Trinity Church is not the only church in Antarctica, but it may well be the most elaborate. Featuring ornate iconostasis that you might expect to find in Russia but is oddly out of character with all the other boxy, utilitarian, prefabricated buildings on an Antarctic scientific research base, it’s a Russian Orthodox church–the world’s southernmost eastern orthodox church–on Russia’s Bellingshausen Station on King George Island in the South Shetland Islands.1 It’s located on a rocky outcrop separate from but overlooking a cluster of research bases.
Amongst hard-core Antarcticans, King George Island is regarded as a bit of a beach holiday. It’s outside the Antarctic Circle (but within the Antarctic Treaty Zone) and right on the northern edge of the winter sea ice shelf. While it still gets plenty cold and windy, especially in winter, it’s generally not as harsh or as iced-in as some of the higher latitudes.
But even in these conditions, just getting to the church itself takes a bit of effort. There’s no protected tunnel access here or even nicely plowed paths–you have to walk up the hill, trudging through the deep snow. That can’t be a lot of fun during a winter blizzard.
As you can imagine, building a church–or building anything, for that matter–in Antarctica is a bit more complicated that your run-of-the-mill construction. You can’t just duck down the road to the local building supplies place to pick up the wood or chop down some nearby trees. And you have to be prepared to work in whatever windows of good weather present themselves.
The story of the construction of Trinity Church starts sometime in the 1990s, when discussions about building an Orthodox church in Antarctica started gaining momentum. By 2000 a plan was in place.
The new church was intended to have two objectives: firstly, to server as a tribute to those who had played a role in exploring Antarctica, especially Russians Fabian von Bellingshausen, his deputy, Mikhail Lazarev, and Russians who had died in the region; and, secondly, to provide a place of worship for residents of any of the nearby research bases.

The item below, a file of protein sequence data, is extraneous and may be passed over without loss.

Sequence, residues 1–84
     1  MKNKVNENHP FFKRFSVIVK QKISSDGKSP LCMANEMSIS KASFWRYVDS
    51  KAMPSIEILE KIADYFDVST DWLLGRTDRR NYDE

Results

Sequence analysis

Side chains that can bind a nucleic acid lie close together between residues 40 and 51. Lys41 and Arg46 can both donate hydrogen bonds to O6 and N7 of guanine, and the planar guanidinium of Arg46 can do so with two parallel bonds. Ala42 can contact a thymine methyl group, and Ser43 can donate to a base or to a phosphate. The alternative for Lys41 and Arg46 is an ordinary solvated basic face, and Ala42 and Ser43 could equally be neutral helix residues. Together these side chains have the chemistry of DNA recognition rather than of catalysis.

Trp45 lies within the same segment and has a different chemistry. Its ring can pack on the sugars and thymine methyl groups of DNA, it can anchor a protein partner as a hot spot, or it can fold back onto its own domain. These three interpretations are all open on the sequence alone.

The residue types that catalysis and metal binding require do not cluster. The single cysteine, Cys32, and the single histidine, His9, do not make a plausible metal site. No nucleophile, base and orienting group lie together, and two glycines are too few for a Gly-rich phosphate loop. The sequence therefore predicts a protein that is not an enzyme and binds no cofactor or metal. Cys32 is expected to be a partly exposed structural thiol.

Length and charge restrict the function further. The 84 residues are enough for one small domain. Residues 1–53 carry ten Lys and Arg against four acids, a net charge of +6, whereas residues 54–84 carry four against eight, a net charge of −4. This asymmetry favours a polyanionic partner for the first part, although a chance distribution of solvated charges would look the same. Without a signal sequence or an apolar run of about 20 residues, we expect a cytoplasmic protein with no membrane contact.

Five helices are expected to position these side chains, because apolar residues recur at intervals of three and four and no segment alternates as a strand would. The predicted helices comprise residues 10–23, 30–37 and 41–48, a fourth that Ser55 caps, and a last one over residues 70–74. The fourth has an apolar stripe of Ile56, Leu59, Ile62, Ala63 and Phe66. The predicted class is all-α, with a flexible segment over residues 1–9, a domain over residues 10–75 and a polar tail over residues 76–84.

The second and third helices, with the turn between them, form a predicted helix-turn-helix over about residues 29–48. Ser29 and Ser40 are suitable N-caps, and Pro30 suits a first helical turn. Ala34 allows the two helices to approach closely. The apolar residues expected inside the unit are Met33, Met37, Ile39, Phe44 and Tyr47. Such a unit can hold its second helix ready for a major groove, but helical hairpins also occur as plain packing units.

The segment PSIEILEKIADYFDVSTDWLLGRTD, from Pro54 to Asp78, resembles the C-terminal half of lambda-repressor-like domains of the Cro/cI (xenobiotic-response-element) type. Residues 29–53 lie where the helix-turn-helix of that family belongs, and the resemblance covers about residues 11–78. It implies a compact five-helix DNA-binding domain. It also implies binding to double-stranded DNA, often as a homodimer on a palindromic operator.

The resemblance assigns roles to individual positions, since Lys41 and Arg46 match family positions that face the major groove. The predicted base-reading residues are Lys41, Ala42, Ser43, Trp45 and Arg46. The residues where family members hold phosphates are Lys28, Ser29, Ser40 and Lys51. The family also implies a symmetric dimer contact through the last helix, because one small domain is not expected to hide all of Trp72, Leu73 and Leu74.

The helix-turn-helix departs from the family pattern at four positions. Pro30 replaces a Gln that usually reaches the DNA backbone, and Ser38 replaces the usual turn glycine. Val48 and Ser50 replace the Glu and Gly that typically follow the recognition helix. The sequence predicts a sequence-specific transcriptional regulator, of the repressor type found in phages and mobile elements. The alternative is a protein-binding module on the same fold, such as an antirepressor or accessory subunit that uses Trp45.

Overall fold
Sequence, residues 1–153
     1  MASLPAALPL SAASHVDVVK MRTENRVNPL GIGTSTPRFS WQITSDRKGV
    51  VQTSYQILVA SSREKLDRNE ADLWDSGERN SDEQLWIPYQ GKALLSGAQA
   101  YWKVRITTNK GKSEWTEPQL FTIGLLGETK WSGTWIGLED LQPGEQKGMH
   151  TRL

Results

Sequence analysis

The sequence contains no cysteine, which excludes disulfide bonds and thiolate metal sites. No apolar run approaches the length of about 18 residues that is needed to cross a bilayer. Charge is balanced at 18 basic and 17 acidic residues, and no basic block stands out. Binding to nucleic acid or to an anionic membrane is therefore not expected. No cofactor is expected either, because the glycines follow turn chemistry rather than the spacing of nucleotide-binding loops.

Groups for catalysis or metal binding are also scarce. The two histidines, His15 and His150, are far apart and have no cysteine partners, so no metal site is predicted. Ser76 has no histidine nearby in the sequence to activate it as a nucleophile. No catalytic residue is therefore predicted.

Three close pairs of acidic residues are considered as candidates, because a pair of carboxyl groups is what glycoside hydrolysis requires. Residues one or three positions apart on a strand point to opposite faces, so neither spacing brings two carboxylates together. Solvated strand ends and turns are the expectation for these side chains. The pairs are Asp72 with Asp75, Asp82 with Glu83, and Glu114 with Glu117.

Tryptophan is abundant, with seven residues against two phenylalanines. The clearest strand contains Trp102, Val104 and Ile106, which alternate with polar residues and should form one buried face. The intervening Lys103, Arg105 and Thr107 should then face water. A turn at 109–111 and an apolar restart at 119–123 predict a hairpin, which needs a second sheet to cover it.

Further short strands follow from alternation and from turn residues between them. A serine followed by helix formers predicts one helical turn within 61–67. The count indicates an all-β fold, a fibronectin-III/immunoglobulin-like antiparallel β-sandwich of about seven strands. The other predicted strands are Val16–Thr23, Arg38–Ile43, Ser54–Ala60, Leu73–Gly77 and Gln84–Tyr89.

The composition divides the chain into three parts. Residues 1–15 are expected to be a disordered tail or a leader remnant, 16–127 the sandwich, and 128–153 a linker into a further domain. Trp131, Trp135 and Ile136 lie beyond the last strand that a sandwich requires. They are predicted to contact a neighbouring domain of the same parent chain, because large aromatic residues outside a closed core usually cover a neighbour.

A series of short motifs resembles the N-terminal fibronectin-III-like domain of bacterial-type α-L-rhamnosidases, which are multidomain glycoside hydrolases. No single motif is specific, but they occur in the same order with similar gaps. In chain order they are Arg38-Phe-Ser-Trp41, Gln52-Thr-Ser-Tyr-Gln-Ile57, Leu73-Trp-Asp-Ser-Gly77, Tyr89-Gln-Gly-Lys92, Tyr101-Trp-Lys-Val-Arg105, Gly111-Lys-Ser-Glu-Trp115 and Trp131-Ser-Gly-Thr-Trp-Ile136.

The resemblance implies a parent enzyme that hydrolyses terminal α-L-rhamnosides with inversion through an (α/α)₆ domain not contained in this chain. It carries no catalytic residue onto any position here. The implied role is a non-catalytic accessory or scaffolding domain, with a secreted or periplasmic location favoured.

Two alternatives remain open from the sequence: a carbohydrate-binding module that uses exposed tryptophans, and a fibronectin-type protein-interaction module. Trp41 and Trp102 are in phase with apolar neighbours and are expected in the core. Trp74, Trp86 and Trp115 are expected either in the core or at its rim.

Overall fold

The church was designed and built of Siberian cedar and pine in Altay village in the Kyzyl-Ozek region of Russia in 2002. Once completed, it was dismantled, loaded onto trucks, and driven to the Polish port of Kaliningrad and put aboard the Academician Serge Vavilov for the trip south to King George Island.
Once in the Antarctic, the church was installed on a sturdy concrete foundation during 2003-04, and church bells were constructed. Special steel braces secure the roof to the foundation, running through the nave, to help the structure withstand winds of up to 90 miles and hour (up to 80 knots).
The church was consecrated on February 15, 2004, by the Bishop of Sergiyev Posad and the Namestnik of Troitse-Sergiyeva Lavra. They, along with a group of other clerics, pilgrims, and sponsors, traveled to King George Island for the occasion. As the divine liturgy was underway the clouds parted briefly to allow the sun to shine directly on the church. Some of those present took it as a fortuitous “little miracle.” And for the first time in history, church bells rang out in Antarctica.
Two Orthodox priests are in residence year-round, and the church can house a congregation of about 30. If you’d like to visit the Trinity Church but Antarctica is a bit too far away, there’s apparently a full-size replica in Valday, Russia.
Photos of Trinity Church
- Many locations in Antarctica go by competing names, typically by nationality, reflecting competing historical claims to the region. King George Island is the British name. To the Argentines, it’s Isla 25 de Mayo. To the Chileans, it’s Isla Rey Jorge. And for the Russians, it’s Vaterloo. ↩